Sibal, look at Singapore!

E-Mail This Post/Page
January 16th, 2012 Devjyot Ghoshal

Is India trying to do what the smaller but technologically-adept Singapore has attempted at, but nominally given up: control the Internet?

Because if the campaign for “screening” content on social media websites began late last year with Kapil Sibal’s charge that images and statements could stoke instability, violence and religious hatred in the country, the recent decision of the courts to take up the matter and summon some 21 Internet companies on similar grounds raises serious questions about the extent of free expression allowed in India.

As fundamental as the freedom of expression is, this latest attempt at exercising control over the Internet also reveals the clear lack of adequate thought on part of the government, additionally having not looked into the experiences of countries like Singapore; and the judiciary’s statement that India, too, “like China” can block websites, sounds like a grim warning by a newly-appointed schoolteacher yet to truly understand the rules of the playground.

No doubt the Internet isn’t a saintly domain. It hosts, breeds and disseminates an incredibly wide cross-section of opinions, criticism, information and disinformation. And it is this unregulated, collosal nature of the Internet, and its often unpredictable reactions to events (political, social or otherwise), that makes it the incredibly powerful medium that it is.

With such unbridled power, as Singapore’s government has learnt in recent years, come new risks. In a country where the majority of print and television news outlets are state-owned and assiduously monitored, the Internet has emerged as the new medium not only for the distribution of information but also as a forum for volatile political debate.

With one of the highest rates of Internet penetration in the region, the emergence of the medium as a possible game-changer in last year’s General and Presidential Elections could easily have provoked the city-state’s authorities to firmly pull on the censorship blanket.

Instead, the government has seemingly chosen to use the Internet, and specifically social networking sites like Facebook, as a way of reaching out to the citizenry, especially many young Singaporeans who share less in common with the older generations that created a First World nation out of a tiny port-dominated territory and resultantly, are less connected to the ruling People’s Action Party.

Politicians in Singapore use Facebook, for instance, to engage with their electorate and although there is often venomous, harsh, and sometimes personal, criticism, the underlying logic is that favourable opinion can be shaped if adequate and robust information is provided to the average Internet user.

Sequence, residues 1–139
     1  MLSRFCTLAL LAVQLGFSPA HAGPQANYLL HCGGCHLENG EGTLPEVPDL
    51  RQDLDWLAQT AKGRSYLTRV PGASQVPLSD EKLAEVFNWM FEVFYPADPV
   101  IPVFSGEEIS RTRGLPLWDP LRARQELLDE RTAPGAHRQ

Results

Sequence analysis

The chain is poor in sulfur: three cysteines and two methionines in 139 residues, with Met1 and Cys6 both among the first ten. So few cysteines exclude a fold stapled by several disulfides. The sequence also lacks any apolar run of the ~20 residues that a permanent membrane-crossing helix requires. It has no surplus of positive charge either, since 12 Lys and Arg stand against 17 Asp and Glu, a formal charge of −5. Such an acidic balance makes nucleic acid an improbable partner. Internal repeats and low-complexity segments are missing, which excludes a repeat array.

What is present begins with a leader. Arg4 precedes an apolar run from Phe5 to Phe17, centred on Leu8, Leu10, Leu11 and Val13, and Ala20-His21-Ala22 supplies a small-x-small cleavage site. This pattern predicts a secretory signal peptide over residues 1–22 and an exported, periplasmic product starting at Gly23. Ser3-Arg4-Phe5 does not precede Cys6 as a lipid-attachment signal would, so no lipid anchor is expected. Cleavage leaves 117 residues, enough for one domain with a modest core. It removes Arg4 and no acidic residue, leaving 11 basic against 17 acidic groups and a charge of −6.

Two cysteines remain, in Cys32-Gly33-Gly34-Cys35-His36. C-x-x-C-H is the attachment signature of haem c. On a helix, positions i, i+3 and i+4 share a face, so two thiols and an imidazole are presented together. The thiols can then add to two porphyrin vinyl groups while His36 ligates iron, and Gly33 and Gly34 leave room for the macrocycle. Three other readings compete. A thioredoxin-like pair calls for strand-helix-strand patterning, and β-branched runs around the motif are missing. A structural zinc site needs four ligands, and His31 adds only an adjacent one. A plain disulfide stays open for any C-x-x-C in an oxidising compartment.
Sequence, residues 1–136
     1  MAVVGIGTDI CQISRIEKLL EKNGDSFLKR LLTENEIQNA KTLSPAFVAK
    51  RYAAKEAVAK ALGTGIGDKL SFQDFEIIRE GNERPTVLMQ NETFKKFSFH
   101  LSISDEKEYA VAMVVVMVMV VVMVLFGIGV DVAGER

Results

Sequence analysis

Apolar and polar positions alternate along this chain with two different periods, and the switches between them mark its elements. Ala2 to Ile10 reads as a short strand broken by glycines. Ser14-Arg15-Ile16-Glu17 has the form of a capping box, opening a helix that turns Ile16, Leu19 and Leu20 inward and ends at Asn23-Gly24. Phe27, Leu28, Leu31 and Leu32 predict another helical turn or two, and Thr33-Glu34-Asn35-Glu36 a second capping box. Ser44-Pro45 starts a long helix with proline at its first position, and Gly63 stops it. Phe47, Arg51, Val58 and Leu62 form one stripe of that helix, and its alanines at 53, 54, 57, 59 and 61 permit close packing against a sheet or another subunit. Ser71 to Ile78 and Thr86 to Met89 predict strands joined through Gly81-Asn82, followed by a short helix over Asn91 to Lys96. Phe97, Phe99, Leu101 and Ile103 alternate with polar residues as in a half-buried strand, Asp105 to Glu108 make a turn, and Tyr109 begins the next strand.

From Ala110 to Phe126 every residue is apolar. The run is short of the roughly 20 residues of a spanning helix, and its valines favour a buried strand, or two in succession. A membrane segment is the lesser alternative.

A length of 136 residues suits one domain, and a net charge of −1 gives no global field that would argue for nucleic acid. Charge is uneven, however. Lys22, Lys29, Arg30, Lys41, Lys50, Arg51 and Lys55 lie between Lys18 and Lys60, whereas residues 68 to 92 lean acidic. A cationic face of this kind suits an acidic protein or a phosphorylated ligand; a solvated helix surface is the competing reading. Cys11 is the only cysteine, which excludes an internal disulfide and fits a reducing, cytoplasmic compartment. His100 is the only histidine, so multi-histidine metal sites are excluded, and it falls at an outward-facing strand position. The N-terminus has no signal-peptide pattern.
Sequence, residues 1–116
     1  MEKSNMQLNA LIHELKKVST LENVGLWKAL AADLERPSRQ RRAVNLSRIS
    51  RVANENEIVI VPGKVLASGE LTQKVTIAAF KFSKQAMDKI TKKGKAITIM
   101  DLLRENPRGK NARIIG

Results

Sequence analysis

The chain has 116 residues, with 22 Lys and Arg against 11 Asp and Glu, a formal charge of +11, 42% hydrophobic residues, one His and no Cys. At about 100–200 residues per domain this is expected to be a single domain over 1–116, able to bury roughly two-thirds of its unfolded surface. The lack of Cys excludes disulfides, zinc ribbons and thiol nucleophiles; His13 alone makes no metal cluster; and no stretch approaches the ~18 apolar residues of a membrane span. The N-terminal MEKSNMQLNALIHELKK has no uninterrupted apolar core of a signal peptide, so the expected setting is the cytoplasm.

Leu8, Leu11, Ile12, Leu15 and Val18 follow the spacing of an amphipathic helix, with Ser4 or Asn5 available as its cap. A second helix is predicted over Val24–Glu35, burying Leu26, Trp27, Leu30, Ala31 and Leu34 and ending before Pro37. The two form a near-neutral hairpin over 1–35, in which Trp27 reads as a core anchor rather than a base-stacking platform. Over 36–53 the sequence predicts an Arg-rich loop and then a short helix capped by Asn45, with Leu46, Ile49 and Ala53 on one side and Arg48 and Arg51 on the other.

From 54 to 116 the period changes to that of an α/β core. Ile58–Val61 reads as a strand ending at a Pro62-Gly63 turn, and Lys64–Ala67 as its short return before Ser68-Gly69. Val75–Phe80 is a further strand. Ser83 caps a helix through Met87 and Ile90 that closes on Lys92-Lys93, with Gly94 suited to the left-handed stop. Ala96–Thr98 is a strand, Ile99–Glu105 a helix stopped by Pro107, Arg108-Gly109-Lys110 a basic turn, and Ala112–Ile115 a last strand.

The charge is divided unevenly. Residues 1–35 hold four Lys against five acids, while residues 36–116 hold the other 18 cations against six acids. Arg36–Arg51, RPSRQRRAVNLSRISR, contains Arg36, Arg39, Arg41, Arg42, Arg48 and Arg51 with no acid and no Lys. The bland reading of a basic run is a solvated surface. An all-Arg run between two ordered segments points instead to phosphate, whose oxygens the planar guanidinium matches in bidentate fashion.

The Singapore experience also effectively negates the propagated logic about how the Internet can cause social discord, particularly between ethnic and religious groups. Despite a small population of 3.8 million citizens — with 74 per cent Chinese, 13 per cent Malay and 9.2 per cent India, and with Buddhism, Islam, Christianity and Hinduism as major religions — Singapore doesn’t place the onus with Internet entities such as Google, Facebook or Twitter to filter content and maintain social stability.

Quite conversely, the overt censorship that it exercises relates mainly to pornographic content, regulated through Internet service providers, while individual sites (and not social network like Facebook, Twitter) which may risk escalating religious tensions can be and have been banned.

At the same time, individuals users responsible for posting racist comments or any statement or graphic that could incite tensions are liable to prosecuted, which probably means that, in a broad sense, while social networks are expected to maintain internal standards with regard to the content being posted, the eventual responsibility lies with individual users to temper the content they put up.

As has been already written about extensively, the Indian government’s position of asking Internet companies to regulate or screen content will require a small army of people to filter all posts, a proposition that is nearly untenable. Instead, the government could do well to look at the Singapore model, if it is indeed so uncomfortable about the negative powers of the Internet, and place the onus on the individual user, rather than the website.

4 Votes | Average: 4.5 out of 54 Votes | Average: 4.5 out of 54 Votes | Average: 4.5 out of 54 Votes | Average: 4.5 out of 54 Votes | Average: 4.5 out of 5 (4 votes, average: 4.5 out of 5)
Loading ... Loading ...

Disclaimer

All the content posted in the 'Business Standard Blogs' section, unless specified otherwise, are made by Business Standard employees. The content posted in 'Business Standard Blogs' does not follow routine internal Business Standard reviews and editorial processes and should be considered only as the views and opinions of the employees and not of Business Standard.
del.icio.us:Sibal, look at Singapore! digg:Sibal, look at Singapore! newsvine:Sibal, look at Singapore! reddit:Sibal, look at Singapore! Y!:Sibal, look at Singapore!

Leave a Reply